A US government watchdog has accused a Pentagon agency of wasting millions on “ill-conceived” reconstruction projects in Afghanistan. The Task Force for Business and Stability Operations spent some $800m (£563m) on development projects over a five-year period. But poor planning and waste marred the scheme, Special Inspector General for Afghan Reconstruction John Sopko said.
The Pentagon has disputed several of his findings. Among those highlighted by Mr Sopko, who appeared before senators from a special committee on military management, was a project to help the local cashmere industry. The $6m ($4.2m) initiative saw a small herd of rare blond Italian goats imported – but Mr Sopko said oversight was so ineffective he could not be sure that the goats were not eaten.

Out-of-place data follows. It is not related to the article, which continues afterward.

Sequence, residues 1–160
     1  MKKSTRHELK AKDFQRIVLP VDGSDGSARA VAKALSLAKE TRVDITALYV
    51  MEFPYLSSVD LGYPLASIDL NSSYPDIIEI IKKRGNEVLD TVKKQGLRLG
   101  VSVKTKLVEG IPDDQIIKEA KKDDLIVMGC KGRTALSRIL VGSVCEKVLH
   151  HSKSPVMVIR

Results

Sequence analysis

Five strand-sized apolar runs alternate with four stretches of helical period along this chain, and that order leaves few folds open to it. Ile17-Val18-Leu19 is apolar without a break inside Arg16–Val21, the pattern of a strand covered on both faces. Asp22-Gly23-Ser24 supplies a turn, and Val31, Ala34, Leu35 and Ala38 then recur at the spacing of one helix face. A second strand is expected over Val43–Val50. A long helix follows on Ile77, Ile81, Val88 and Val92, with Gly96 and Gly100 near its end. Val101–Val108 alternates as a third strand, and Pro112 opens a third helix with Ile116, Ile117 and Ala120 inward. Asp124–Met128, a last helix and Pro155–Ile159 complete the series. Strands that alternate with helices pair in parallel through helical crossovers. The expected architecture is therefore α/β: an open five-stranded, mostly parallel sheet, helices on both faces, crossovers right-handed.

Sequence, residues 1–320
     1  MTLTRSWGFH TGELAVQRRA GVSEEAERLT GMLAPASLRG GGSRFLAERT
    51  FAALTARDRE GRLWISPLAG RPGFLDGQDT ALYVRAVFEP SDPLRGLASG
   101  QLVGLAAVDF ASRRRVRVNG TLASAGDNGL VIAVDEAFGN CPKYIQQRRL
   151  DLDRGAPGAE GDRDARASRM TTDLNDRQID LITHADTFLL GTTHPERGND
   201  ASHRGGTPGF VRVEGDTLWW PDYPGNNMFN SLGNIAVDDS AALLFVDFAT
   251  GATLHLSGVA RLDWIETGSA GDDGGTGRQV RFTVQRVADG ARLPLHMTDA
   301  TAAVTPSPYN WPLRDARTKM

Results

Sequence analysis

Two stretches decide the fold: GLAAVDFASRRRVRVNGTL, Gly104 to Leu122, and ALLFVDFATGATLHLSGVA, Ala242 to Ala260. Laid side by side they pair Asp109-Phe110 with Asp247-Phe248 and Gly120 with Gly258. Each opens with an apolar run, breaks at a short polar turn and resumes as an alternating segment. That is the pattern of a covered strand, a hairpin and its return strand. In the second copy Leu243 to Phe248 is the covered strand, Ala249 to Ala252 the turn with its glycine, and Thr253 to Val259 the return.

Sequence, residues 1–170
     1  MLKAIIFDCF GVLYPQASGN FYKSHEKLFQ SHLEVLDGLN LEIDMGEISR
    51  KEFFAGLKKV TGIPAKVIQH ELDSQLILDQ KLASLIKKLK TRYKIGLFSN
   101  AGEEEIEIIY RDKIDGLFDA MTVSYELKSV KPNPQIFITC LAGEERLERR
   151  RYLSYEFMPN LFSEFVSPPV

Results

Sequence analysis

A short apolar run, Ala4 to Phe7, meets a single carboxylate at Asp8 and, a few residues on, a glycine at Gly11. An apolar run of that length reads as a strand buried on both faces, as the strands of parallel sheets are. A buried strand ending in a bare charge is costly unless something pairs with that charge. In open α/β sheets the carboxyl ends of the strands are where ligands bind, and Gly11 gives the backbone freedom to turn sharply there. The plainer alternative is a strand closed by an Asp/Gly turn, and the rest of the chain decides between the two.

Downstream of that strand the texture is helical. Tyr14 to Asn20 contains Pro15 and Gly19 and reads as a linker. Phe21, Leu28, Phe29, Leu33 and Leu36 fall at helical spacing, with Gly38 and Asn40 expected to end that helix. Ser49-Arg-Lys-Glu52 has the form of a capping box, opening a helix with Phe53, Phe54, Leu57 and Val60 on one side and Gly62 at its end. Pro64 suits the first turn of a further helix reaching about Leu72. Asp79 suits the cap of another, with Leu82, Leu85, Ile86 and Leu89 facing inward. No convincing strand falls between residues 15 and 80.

A contractor said the scheme had created up to 350 jobs. Mr Sopko had “not been able to find credible evidence showing [the task force’s] activities in Afghanistan produced the intended economic growth or stabilization outcomes that justified its creation”. “On the contrary, [its] legacy in Afghanistan is marred by unfinished, poorly planned, and ill-conceived projects.”
One of the politicians on the committee, Democrat Claire McCaskill called the reported $43m expenditure on a natural gas filling station “dumb on its face”. It was intended to show how Afghanistan’s natural gas reserves could be used as an alternative to expensive petroleum imports. But Ms McCaskill noted the average annual income in Afghanistan is less than the cost of converting a car to natural gas. The Pentagon disputed the cost of the station, saying the actual amount was under $10m.